The air is crisp and clean, and I breath it in deeply each day, yet unfortunately, the same cannot be said for the area of Zibo where we stayed most of our trip. When I got out of the van the very first day we arrived it was instantly noticeable.

Dan Copes I felt almost as if I could only fill my lungs halfway up with the air that hung heavy in the atmosphere of the place. I feel bad for the people who have lived there their entire lives and have no idea what clean air is like.

I also wonder how many years have been taken off of my life for breathing in the air for a month! (Only kidding...sort of). Regardless, the air in Qingdao was noticeably cleaner than it was in Zibo.

It seems the ocean breeze helped keep things fresh. The weather was also a lot more forgiving. It was much less humid and muggy than in Zibo.

After enjoying the beach and its beautiful weather, we went to visit the governor's mansion. Many famous people in China's history stayed there for periods of time, including Mao Zedong. I saw the bed where he slept!

It was obviously a very beautiful building, but I couldn't get over how European it looked. I didn't expect to come to China and see architecture like that which was consistent throughout the entire city. It makes sense considering Qingdao's history.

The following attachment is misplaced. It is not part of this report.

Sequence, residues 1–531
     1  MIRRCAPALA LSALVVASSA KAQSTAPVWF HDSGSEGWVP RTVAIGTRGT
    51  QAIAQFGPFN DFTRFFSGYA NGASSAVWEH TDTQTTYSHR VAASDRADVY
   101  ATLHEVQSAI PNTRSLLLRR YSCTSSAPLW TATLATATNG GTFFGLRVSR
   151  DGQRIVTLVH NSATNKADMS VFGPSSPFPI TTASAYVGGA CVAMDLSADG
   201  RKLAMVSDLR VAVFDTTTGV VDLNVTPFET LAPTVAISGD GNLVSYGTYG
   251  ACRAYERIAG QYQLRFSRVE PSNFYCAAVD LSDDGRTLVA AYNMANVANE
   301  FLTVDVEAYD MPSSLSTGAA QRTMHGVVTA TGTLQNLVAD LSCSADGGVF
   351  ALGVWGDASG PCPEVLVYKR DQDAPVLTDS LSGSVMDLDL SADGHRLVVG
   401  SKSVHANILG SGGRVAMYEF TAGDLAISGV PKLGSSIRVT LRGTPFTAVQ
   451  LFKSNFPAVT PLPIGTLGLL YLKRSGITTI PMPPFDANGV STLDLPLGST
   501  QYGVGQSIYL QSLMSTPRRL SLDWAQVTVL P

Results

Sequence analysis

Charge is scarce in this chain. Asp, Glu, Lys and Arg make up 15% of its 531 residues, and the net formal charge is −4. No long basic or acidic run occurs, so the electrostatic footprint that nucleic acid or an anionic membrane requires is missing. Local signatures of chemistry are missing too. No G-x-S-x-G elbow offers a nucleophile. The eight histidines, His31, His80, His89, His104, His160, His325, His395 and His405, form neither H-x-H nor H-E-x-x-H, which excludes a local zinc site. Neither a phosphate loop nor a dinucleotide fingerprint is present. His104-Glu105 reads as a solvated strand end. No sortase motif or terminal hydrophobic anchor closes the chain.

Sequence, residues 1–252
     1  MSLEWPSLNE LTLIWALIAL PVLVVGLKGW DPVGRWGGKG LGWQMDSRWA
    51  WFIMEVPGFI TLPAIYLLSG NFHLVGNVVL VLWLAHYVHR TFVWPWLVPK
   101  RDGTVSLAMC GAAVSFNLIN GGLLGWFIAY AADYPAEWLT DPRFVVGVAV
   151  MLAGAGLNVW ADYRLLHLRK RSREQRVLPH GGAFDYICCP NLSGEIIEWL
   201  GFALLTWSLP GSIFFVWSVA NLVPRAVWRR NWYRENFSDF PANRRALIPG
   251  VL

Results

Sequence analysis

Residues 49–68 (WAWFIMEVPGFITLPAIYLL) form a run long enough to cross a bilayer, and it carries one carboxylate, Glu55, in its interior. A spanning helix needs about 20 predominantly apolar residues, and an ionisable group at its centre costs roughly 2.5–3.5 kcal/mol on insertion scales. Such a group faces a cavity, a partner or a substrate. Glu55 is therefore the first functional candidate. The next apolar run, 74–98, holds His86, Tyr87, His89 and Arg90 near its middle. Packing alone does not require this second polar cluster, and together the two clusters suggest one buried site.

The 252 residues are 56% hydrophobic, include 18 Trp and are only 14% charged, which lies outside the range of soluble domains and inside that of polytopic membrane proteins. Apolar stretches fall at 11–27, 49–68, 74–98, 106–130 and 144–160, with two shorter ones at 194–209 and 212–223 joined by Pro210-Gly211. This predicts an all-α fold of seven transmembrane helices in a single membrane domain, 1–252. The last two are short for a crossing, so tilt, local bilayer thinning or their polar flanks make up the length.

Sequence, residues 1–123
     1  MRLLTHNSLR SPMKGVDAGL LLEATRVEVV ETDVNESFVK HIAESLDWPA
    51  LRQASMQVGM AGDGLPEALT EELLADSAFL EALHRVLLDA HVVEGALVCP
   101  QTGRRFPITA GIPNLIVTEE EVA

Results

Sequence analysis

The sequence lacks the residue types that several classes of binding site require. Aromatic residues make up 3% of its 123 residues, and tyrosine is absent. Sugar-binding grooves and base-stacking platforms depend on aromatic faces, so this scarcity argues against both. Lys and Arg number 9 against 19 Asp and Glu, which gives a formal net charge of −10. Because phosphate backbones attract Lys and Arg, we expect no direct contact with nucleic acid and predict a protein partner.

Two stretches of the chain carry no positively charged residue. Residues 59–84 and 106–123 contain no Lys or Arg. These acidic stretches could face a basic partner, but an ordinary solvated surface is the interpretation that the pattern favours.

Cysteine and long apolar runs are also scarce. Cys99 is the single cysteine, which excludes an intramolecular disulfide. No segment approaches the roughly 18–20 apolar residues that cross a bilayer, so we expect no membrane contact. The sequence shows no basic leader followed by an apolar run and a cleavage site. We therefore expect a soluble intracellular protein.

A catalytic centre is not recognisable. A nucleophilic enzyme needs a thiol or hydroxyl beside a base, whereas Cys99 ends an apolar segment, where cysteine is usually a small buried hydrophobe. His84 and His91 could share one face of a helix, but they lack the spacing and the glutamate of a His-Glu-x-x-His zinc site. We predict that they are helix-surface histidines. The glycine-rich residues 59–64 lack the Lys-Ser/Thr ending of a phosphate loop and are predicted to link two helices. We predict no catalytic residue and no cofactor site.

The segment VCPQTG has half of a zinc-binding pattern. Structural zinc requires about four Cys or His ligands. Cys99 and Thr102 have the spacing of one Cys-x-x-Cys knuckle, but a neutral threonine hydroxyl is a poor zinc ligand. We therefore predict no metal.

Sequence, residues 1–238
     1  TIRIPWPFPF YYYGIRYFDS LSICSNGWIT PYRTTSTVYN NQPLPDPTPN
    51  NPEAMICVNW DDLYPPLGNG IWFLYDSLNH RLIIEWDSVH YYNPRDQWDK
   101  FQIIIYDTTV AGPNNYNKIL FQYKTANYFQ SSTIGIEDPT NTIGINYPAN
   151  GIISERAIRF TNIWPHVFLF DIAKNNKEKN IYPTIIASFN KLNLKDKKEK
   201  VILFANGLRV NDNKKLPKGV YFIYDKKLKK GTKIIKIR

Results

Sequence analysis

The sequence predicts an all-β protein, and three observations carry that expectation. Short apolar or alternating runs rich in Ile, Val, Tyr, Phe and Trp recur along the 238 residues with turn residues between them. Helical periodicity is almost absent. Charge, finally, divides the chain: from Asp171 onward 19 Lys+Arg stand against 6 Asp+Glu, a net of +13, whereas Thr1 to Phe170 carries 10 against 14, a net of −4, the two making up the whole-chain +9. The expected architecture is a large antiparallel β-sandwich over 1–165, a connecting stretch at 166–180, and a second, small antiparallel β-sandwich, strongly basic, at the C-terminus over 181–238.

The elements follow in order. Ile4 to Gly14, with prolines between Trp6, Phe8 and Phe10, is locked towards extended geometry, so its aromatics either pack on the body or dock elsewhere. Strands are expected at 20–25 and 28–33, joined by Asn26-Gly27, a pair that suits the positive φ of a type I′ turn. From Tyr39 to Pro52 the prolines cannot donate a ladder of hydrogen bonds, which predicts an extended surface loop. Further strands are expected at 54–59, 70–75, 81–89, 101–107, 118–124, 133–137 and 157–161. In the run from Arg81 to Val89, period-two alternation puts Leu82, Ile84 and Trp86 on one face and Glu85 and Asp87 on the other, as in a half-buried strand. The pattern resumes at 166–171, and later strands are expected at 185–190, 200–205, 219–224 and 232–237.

I just still found it rather odd. We walked and saw most of the mansion and got one of our classic group photos out in front. We always drop our cameras on whatever unfortunate tour guide that happens to be guiding us that day and force them to take upwards of 10 photos for us.

That day her name was Lin. She was a real sweetheart for putting up with us! It's always a tedious and comical process, but I'm sure everyone will enjoy the pictures.

We got on the bus and drove to a pier area in a different part of the city. We walked out and took in the sights. It was a really good opportunity for some pictures of the city and some of the interesting things that surrounded the bay.

There were remnants of the 2008 Olympics across the bay. Some of the rings lasted since they hosted boat races or something of that nature in Qingdao.

As we walked out Jake (MacLean) got approached by a man wearing some sort of ninja outfit. He took some really funny pictures with the guy in attack poses, but then quickly realized this guy wanted money for the pictures.

Of course he gave him a few yuan (Jake's such a friendly fellow!)

We walked a bit further out and Morey (Longo) and I realized they offered boat and jet ski rides. We seriously toyed with the idea of renting one for an hour so.

It really wasn't expensive at all. Maybe 100 yuan for two people for an hour of riding. We ended up having to say no. Next time, Morey!

We made it to the end of the pier and walked around the area. There was a small island-like area across from the pier, and I joked with Deanna (Barnes) and Qiaoqi that there was buried treasure out there.

From an aerial view the pier was an arrow leading directly to that island. I'm coming back next year with a big shovel and some high hopes!

    — Dan Copes, a junior health sciences major